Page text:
There is a jumper on the board that can switch the cpu Vcc between 5V and 3.3V. If you look "closely" at the oscillator frequency vs Vcc curves in the AVR datasheets, you'll see that at 3.3V the allowable freq shown is actually about 13.3 MHz, so using a 16 MHz xtal is only overclocking by 20%. I've never had any problem with a 16 MHz xtal and 3.3V, and many other people on the Arduino forum have done likewise. I do have voltage-dividers under the XBee radio socket for when Vcc=5V, but anymore I mostly use Vcc=3.3V anyways.

One other thing, there is plenty of room to have more than a single SOIC8 layout for SPI flash/RAM, and I would have at least 2 such layouts. Also, my boards have series-Rs for protection in all I/O lines, but they take up a lot of space. I would however include 1K series-Rs at least in the Rx,Tx lines going to the FTDI connector, so then the FTDI adapter pin voltages wouldn't be a problem.

 EDIT: I would also put a jumper on the Vin pin on the FTDI header, so it wouldn't conflict with direct power to the board.
« Last Edit: January 07, 2016, 02:29:25 PM by oric_dan »

Felix

  • Administrator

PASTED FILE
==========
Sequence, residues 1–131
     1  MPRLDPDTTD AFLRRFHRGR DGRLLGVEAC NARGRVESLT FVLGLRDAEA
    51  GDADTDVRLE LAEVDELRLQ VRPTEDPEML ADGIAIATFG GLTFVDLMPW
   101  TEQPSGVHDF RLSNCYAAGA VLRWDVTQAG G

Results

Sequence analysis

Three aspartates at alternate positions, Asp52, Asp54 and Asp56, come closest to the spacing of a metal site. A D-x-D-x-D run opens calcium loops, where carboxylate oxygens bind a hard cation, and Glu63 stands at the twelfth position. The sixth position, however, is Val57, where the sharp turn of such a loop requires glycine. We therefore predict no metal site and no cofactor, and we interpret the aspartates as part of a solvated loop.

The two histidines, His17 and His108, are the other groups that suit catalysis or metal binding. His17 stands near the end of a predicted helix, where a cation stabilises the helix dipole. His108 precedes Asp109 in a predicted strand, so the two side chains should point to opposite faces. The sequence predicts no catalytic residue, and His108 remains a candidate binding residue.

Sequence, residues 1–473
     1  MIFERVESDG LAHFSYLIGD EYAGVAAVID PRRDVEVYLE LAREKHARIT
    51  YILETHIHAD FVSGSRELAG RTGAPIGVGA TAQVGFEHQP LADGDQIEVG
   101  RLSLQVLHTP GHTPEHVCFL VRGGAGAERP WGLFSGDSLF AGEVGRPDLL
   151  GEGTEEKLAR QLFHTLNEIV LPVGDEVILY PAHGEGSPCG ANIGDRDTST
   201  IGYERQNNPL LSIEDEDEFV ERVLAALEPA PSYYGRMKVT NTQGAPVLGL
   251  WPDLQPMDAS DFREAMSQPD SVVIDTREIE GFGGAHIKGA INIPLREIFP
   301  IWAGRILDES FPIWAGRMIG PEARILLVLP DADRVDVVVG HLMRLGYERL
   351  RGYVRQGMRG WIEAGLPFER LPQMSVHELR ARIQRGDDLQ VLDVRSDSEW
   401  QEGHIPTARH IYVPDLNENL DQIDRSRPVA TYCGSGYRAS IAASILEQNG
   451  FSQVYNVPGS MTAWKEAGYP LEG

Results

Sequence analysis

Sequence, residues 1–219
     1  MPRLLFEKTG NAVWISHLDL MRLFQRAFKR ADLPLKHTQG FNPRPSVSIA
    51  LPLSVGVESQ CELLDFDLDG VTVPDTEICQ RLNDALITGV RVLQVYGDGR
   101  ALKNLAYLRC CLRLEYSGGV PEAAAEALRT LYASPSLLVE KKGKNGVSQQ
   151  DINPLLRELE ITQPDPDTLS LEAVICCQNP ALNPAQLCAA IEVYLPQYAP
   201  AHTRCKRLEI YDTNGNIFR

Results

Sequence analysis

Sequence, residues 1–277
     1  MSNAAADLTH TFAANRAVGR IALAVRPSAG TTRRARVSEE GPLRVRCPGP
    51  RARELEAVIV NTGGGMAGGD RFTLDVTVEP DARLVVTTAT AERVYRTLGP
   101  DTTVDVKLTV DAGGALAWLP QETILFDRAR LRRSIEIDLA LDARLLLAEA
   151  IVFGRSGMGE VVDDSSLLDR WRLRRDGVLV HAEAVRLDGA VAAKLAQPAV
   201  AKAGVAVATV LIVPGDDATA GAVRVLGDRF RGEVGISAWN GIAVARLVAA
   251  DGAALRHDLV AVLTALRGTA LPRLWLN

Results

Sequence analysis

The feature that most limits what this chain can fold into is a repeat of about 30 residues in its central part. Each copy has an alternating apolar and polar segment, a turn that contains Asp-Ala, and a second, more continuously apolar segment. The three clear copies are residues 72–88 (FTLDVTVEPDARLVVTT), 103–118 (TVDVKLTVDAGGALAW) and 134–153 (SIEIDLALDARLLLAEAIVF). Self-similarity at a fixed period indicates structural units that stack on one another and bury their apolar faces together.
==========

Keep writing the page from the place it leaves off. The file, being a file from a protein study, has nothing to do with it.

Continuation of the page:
• Hero Member
  • *****
  • Posts: 6464
  • Country: us
    • LowPowerLab
Re: what I would like to see ....
« Reply #6 on: January 07, 2016, 04:57:29 PM »
oric_dan,
It really sounds like you already got everything in your board, except the radio?
If that's the case, all you'd need is a breakout for the radio with appropriate voltage buffering. Would that work?

oric_dan

  • Jr. Member
  • **
  • Posts: 64
Re: what I would like to see ....
« Reply #7 on: January 07, 2016, 07:49:30 PM »
Yeah, I've already done that a couple of times with my Tredici-1284 board, stuck a radio on a small fiberboard using double-sided tape, and placed in the XBee area and hardwired to the SPI pins. My 2 network Hubs mentioned in the other thread do this. It helps that I have 3.3V 1A regulators on all my boards.
https://lowpowerlab.com/forum/index.php/topic,1494.0.html

However, my original intent of this thread was that I thought the Moteino world could make use of an official board coming from your shop that could be used as the "central Hub" for the rest of a Moteino network, and able to mount ethernet, LCD, and other regular shields. I would design it more like a regular UNO board, but with the 1284 chip, rather than including all the special things I have on my board. Nice 1A DPAK v.regs, an SMT cpu chip, and layouts for radio, 2/ea SOIC8s, and an extra header on the right side. It would cost little more than your Moteino-Mega to produce.

Felix

  • Administrator
  • Hero Member